Alienation and Loneliness in “The Yellow Wallpaper”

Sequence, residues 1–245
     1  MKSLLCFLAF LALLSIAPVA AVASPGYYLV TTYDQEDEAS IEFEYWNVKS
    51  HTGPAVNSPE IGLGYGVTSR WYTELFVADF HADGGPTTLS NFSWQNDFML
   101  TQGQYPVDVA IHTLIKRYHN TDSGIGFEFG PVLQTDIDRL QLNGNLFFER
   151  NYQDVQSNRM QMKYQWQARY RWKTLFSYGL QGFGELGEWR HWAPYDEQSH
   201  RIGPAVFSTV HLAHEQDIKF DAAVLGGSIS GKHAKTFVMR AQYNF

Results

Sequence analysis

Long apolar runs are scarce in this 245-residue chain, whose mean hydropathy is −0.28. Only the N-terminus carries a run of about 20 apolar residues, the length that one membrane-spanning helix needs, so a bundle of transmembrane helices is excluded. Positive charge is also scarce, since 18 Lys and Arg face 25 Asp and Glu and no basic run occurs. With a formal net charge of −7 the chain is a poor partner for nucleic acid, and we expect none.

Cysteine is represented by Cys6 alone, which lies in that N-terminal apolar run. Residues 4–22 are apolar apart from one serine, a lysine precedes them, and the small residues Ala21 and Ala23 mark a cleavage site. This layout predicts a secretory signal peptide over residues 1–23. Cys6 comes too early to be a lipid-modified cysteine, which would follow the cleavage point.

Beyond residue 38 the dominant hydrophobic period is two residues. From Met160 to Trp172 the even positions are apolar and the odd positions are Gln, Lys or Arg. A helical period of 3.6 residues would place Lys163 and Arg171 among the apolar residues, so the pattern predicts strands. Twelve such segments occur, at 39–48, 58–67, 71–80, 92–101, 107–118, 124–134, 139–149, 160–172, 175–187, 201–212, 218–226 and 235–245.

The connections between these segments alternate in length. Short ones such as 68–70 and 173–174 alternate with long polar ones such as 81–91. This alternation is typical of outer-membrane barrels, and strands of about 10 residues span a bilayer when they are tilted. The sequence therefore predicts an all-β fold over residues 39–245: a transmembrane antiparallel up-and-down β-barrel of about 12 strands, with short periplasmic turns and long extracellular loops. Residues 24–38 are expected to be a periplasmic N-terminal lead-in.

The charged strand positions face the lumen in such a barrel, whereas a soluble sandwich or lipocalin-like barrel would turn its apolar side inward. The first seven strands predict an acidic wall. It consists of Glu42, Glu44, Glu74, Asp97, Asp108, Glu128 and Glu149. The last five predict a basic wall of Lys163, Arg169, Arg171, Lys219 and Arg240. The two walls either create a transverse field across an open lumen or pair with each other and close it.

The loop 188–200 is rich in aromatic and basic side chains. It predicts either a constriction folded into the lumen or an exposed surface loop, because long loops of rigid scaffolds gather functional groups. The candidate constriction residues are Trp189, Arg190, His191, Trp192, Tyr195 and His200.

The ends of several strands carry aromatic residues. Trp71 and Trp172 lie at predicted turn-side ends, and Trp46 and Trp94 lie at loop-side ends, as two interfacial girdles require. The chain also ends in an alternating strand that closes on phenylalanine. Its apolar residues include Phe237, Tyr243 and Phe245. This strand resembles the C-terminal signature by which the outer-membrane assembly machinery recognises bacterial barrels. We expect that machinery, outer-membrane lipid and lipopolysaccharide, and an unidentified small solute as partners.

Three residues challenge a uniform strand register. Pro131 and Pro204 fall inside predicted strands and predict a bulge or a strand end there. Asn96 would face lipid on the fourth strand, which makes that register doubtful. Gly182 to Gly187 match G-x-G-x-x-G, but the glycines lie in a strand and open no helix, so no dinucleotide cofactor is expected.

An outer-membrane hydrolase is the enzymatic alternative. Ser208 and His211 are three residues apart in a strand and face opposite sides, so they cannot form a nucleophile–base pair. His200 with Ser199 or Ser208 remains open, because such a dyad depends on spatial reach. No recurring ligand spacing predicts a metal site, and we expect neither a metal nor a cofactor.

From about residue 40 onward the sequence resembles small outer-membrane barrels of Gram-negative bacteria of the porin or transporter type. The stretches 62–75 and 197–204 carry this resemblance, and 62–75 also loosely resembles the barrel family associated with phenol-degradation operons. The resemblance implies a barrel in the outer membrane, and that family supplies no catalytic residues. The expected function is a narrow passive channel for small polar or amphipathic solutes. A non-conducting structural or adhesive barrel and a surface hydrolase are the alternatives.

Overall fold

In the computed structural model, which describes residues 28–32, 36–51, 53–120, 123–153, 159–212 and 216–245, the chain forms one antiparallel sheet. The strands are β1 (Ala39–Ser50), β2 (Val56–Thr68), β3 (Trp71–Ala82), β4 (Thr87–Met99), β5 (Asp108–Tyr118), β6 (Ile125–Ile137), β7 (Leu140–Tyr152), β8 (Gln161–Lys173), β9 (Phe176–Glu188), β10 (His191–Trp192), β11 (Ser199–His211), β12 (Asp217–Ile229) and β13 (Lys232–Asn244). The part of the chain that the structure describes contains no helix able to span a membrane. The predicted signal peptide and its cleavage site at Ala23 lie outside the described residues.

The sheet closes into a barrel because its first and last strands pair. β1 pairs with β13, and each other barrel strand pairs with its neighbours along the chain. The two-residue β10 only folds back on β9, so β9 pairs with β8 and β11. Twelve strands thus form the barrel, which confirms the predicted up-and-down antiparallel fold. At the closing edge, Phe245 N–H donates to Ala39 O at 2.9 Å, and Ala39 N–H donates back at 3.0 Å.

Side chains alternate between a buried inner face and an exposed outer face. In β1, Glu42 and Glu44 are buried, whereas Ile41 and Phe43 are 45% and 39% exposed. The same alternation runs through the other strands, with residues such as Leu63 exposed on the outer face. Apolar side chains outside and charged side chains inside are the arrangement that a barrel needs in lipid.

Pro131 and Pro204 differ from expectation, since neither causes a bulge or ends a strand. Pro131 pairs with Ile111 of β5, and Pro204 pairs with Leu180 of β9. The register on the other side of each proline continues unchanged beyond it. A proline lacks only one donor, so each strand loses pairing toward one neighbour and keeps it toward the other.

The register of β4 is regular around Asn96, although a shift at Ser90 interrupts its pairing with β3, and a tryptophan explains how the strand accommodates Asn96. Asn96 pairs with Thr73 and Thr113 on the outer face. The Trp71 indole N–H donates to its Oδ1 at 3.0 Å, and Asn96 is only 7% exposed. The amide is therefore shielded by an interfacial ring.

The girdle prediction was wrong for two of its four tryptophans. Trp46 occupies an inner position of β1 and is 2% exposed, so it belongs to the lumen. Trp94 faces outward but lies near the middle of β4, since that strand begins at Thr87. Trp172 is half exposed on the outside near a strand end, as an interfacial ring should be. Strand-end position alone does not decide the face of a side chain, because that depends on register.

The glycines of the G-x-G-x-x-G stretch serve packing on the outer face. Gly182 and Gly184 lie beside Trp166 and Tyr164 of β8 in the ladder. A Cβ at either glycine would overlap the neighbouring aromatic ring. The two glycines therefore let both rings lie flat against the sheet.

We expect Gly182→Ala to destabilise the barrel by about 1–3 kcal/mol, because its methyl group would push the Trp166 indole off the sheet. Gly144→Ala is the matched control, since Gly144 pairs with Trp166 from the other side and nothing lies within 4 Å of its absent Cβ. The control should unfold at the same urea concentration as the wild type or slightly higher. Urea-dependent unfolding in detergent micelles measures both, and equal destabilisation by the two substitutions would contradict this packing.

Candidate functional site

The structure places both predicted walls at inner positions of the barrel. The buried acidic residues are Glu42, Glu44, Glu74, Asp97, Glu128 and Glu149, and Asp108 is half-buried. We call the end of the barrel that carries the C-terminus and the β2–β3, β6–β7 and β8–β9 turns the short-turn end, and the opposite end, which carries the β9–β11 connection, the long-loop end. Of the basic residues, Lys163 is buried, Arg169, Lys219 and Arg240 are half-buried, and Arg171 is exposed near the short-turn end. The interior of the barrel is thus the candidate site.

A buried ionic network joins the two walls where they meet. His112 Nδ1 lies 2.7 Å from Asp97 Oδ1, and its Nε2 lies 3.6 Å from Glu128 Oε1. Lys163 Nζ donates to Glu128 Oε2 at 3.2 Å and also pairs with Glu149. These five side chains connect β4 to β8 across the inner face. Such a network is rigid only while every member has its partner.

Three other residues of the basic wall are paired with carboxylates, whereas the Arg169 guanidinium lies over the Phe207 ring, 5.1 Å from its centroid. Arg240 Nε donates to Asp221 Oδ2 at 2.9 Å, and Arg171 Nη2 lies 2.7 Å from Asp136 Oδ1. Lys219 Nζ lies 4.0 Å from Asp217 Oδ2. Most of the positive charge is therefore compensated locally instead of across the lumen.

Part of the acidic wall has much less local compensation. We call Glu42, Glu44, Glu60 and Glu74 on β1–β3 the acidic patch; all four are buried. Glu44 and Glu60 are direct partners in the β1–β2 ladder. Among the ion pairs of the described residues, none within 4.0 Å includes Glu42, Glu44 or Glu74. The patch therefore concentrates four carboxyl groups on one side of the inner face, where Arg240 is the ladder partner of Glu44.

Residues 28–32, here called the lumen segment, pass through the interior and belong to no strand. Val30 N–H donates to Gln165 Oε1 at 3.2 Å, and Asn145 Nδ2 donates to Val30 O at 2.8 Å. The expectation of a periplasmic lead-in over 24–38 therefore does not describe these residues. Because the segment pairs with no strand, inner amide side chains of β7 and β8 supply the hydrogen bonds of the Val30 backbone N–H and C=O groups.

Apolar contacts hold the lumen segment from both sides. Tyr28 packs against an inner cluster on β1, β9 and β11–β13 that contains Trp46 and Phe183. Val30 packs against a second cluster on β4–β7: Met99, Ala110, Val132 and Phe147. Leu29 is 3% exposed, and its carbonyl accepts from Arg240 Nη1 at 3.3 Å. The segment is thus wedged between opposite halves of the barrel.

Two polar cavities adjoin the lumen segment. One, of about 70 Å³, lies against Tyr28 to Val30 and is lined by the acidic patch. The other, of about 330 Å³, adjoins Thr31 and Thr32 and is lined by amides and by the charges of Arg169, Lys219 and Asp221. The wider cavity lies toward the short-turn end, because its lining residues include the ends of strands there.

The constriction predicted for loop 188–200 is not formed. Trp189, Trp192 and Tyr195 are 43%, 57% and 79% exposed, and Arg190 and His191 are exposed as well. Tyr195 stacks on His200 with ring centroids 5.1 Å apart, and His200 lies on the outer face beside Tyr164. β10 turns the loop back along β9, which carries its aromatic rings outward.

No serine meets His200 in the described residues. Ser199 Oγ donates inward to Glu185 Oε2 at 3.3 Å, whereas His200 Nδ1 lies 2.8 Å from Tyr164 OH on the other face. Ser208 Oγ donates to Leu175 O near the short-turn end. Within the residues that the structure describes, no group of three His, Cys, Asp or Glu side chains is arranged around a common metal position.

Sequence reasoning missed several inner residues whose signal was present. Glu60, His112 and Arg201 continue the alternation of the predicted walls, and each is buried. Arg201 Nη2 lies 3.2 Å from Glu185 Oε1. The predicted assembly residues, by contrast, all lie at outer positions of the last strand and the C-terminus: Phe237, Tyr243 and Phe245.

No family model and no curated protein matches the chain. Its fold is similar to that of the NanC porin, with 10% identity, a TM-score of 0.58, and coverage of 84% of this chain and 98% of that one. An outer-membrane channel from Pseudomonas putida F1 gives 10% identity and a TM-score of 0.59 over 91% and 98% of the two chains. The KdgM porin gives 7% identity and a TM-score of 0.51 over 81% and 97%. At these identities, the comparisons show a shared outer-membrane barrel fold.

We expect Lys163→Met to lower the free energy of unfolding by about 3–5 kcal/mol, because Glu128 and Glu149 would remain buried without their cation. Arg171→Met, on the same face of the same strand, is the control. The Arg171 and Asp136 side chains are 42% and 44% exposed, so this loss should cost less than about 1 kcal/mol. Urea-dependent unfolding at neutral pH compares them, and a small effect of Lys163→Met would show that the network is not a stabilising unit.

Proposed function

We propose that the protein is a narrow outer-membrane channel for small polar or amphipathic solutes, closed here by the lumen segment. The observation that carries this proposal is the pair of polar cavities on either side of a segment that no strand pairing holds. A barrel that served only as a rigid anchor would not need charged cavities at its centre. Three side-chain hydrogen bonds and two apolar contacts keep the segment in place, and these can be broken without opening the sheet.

In the story, “The Yellow Wallpaper” written by Charlotte Perkins Gilman, the narrator talks about several things: She feels she is sick and her brother and husband do not believe her, her husband moved her to a deserted house and keeps her isolated, he controls her every move, and she feels that she has no companionship. All of these things contribute to the theme of alienation and loneliness in this story. The Narrator is convinced she is sick; however, her brother and husband do not believe her. She says, “You see, he does not believe I am sick…If a physician of high standing, and one’s own husband, assures friends and relatives that there is really nothing the matter with one but temporary nervous depression – a slight hysterical tendency – what is one to do? My brother is also a physician, and also of high standing, and he says the same thing.” (Gilman 345). It is hurtful to her that her husband and brother do not believe her and she doesn’t know what to do about it. Of all people that she should be able to talk to and trust, her brother and husband instead have alienated her by not believing in her and if she doesn’t have family on her side, she must feel incredibly alone. Her husband moved her to a deserted house and isolated her in a large, poorly decorated and rundown bedroom. However, it is unclear whether he is doing it for her benefit or whether it is to control her. The narrator makes her husband sound very kind and loving when she says things like, “He said he came here solely on my account that I was to have perfect rest and all the air I could get.” (Gilman 346). But then, she says, “I don’t like our room a bit. I wanted one downstairs that opened onto the piazza and had roses all over the window, and such pretty old-fashioned chintz hangings. But John would not hear of it.” (Gilman 346). If he were so caring, loving, and kind, why would it matter to him what bedroom she occupied during...
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